it was great.

#7 SaveBooFerriss


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Posted 15 July 2008 - 04:16 PM

this guy has quickly supplanted the rem-dawg as my all time favourite sox second sacker

HANTA YO


It frightens and confuses me that Remy was ever anyone's all time favorite Sox 2b.

#8 Bernie Carbohydrate


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Posted 15 July 2008 - 04:32 PM

Why not? You have to be 100 years old to recall Joe Cronin. Marty Barrett was reportedly kind of a jerk. "Bill Wambsganss" is impossible to spell correctly.

Me, I'm a Terry Shumpert man, but I can see liking Remy.

#9 Manny's Hammies

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Posted 15 July 2008 - 04:39 PM

Have we forgotten Mark Bellhorn's one, magical year so quickly? Guy could turn a pretty good double-play as well.

Me, I'm a Petey fan myself.

#10 URI


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Posted 15 July 2008 - 04:40 PM

Jody Reed...mini-Remy.

#11 Oil Can's Liver


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Posted 15 July 2008 - 04:47 PM

Along with being an excellent player, he seems like a good guy. I remember last year, during a rain delay in Chitown, asking him about his elbow. He was over with Manny and Lugo and he motioned for me to speak up..then he came over and I asked him how his wing was..he rotated it around and said "it is fine..real good, no worries" and he gave me a high five and said "thanks for asking bro".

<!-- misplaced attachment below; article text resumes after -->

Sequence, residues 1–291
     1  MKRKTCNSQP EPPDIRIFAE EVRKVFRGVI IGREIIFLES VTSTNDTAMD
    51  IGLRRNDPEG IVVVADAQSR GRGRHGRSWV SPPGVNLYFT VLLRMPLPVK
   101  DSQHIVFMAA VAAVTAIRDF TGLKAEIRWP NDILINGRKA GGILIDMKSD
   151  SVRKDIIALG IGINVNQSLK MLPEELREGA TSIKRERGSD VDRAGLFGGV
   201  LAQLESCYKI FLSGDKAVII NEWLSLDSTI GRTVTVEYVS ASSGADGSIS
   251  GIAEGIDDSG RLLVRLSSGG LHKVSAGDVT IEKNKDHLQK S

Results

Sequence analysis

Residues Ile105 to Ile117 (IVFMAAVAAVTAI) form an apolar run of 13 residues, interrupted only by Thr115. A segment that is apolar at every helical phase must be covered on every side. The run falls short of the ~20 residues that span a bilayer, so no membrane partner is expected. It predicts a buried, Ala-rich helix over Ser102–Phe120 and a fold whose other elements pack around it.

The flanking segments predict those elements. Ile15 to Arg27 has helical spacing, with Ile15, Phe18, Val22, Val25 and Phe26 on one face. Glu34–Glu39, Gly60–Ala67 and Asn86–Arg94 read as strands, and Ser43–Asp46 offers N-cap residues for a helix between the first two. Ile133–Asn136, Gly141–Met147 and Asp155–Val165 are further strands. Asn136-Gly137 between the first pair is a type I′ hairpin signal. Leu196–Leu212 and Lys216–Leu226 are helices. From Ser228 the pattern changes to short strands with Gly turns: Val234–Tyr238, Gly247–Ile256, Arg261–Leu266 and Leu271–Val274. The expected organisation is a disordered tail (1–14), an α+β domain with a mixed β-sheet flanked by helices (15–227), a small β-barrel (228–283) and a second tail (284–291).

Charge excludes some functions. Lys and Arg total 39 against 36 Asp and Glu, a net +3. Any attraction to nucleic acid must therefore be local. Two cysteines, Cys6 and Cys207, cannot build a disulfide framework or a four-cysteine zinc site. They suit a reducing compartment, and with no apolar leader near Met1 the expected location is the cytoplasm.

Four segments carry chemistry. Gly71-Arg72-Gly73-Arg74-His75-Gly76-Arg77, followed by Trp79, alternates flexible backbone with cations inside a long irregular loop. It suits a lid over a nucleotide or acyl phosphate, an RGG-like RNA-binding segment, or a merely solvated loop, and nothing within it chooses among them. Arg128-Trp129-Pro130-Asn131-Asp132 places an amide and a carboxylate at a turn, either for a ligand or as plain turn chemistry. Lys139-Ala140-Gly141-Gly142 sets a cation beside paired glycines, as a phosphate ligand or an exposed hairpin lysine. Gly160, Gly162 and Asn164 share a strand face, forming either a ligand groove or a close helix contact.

I really hope he and Youks stick around for a long time.

#12 Tudor Fever

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Posted 15 July 2008 - 04:47 PM

I'm partial to the 1967 opening day second baseman, Reggie Smith.

#13 Pumpsie


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Posted 15 July 2008 - 05:30 PM

Why not? You have to be 100 years old to recall Joe Cronin. Marty Barrett was reportedly kind of a jerk. "Bill Wambsganss" is impossible to spell correctly.

Me, I'm a Terry Shumpert man, but I can see liking Remy.


Yeah, I agree. We haven't exactly been brimming over with HOF second basemen over the years. Remy was probably the best all-round second sacker we've had since Cronin, and up to Pedroia. Barrett and Reed were solid, but Remy was just a tick better, especially in the field and on the bases. But the pickin's is slim. Pedroia might well end up being our best second sacker since Joe Cronin. How about that?